I never do stereo, but do keep a mic on a boom out in the room as an option for anything thats getting recorded.
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Old 4th June 2012
  #5
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edva's Avatar
They all have their uses, but if I had to pick just one, probably Mid-side, because of the extra control over the imaging at mixdown.
Old 4th June 2012
  #6
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suedesound's Avatar
 

they all have their places but i generally like spaced pair for oh's, blumlein for room, ortf for piano (depends), haven't done ms in awhile but it has it's place
Old 4th June 2012
  #7
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johndykstra's Avatar
 

I like xy and mid/side for the ease of phase relation. But I generally do spaced pair on overheads.
Old 4th June 2012
  #8
Here for the gear
 

I like spaced pairs on almost everything. It's much easier to make things narrower upon mixdown than wider, I've always found, so I try to get the widest recordings I can on anything I think'll warrant it.
Old 4th June 2012
  #9
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doncaparker's Avatar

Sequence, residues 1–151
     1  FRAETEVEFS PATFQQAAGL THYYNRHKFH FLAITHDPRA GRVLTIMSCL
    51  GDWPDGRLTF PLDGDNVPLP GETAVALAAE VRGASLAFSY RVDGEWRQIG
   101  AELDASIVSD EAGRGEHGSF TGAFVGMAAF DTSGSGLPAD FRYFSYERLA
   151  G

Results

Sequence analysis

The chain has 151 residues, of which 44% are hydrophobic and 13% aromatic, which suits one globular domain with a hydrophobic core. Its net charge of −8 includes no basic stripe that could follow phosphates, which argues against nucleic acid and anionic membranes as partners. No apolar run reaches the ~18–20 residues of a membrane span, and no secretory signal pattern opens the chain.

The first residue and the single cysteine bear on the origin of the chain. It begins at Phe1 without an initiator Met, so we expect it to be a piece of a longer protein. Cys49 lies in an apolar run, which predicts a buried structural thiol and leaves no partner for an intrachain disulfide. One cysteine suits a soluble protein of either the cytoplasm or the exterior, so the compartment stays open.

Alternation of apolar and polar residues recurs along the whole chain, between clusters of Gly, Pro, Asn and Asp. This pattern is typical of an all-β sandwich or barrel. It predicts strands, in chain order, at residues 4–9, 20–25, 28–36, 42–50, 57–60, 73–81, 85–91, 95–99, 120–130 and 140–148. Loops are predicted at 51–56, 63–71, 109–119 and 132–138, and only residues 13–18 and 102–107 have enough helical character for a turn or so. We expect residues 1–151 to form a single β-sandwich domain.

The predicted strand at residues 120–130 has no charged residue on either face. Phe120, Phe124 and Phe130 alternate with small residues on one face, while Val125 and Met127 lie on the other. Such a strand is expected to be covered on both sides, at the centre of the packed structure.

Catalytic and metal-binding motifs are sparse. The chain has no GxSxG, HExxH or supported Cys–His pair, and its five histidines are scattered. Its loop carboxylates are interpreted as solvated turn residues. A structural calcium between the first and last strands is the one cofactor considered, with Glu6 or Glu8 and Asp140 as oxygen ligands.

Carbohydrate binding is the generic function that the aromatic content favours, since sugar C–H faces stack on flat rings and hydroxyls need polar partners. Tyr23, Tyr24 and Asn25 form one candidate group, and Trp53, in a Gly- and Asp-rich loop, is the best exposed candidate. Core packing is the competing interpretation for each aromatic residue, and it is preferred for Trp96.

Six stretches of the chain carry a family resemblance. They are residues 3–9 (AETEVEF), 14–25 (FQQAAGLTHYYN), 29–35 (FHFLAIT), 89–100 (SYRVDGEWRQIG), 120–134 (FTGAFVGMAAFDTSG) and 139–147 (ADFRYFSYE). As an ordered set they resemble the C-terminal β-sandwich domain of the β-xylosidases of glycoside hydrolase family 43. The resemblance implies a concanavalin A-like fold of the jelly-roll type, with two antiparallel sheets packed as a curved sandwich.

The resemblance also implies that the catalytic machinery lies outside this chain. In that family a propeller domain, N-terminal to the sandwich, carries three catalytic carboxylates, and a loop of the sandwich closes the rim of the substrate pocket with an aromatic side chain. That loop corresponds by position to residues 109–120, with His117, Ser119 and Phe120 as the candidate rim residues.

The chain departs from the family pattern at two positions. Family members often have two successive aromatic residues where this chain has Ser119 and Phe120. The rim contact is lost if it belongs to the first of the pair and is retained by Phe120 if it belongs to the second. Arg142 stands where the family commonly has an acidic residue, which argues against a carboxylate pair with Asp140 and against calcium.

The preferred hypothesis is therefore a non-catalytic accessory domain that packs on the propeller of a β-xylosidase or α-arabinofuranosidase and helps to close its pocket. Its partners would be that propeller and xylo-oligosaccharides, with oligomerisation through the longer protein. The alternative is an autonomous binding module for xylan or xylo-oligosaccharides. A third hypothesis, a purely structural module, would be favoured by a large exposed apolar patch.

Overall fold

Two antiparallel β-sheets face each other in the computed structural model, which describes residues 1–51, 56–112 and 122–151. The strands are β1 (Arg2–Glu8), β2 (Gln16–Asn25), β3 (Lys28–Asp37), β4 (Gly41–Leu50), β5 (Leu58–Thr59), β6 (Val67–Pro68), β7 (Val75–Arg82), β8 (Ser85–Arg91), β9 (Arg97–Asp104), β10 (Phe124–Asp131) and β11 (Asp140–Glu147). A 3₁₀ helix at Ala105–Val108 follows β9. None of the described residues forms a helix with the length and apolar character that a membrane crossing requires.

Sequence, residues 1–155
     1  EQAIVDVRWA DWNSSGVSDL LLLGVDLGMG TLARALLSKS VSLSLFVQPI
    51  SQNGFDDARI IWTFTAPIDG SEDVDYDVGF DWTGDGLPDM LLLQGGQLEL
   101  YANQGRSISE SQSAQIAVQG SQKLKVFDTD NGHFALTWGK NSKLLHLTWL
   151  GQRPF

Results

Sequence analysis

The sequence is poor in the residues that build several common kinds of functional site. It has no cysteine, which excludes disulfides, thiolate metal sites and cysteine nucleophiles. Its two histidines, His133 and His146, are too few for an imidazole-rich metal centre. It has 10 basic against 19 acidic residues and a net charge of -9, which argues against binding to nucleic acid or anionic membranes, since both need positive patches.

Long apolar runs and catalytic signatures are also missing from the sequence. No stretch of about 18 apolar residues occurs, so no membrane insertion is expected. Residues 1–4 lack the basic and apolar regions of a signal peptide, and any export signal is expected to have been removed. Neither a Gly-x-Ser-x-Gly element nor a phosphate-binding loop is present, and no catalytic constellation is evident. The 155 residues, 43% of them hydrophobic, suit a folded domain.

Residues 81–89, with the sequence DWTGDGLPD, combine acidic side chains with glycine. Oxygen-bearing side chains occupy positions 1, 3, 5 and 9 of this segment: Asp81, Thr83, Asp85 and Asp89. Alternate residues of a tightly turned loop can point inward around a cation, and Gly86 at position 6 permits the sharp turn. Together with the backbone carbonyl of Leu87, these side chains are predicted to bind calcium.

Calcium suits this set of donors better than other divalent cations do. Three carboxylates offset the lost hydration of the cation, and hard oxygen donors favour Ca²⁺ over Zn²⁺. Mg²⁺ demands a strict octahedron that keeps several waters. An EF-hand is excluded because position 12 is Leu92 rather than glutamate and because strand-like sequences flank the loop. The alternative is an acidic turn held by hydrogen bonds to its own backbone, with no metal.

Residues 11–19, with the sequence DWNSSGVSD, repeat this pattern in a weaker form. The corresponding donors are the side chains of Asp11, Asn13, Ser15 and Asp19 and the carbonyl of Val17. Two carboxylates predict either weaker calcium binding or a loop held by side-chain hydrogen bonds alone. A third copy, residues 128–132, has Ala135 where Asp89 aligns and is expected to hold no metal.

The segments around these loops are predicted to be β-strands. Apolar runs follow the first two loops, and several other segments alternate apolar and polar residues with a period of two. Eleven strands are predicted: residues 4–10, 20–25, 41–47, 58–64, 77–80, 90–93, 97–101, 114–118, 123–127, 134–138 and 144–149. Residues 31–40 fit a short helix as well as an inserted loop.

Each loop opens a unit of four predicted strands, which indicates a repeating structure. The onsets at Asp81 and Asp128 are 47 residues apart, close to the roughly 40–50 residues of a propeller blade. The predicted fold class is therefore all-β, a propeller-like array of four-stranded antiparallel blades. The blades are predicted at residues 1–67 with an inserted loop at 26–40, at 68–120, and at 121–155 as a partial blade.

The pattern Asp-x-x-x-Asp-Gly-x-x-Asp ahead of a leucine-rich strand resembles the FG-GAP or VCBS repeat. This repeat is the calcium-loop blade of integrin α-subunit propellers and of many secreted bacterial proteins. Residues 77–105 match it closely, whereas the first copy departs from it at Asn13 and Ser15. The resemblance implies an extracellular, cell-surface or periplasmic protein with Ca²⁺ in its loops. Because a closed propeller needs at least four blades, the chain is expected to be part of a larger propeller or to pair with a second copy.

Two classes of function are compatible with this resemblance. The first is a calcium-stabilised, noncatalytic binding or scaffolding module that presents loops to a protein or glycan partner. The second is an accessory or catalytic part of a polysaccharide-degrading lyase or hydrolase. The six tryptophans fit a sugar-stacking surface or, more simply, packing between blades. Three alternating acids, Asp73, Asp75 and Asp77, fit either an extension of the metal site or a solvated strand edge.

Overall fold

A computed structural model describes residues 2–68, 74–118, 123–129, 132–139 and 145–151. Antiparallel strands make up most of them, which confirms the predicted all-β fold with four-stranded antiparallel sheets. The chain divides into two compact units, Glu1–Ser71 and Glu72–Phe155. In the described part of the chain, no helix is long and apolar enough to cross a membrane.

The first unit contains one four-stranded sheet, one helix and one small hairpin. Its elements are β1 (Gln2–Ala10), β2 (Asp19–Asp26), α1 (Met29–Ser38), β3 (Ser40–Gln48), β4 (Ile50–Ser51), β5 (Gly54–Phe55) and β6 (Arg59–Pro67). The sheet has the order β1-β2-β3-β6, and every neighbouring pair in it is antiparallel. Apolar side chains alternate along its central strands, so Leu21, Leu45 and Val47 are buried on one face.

I'll limit what I say to acoustic guitar.

First, I am leaning toward mono recordings of acoustic guitar these days, but I keep experimenting with stereo methods.

As for the stereo methods I like, I really like Blumlein using two multipattern LDCs both set for figure 8 and set about 1-2 feet from the front of the guitar. It sounds nice and full without any processing at all, and it collapses to mono without too much damage.

I like X-Y with a pair of cardioid SDCs, but the stereo imaging is not as interesting as with Blumlein. It collapses to mono OK, but there are times when I ask "why bother" with X-Y when I can get a single omni SDC in mono to sound great and add some space with reverb and delay.

I have some fun with a pair of omni SDCs spread eagle in a sort of ORTF (which, technically, requires cardioids). It sounds great in stereo, and is not horrible when collapsed to mono.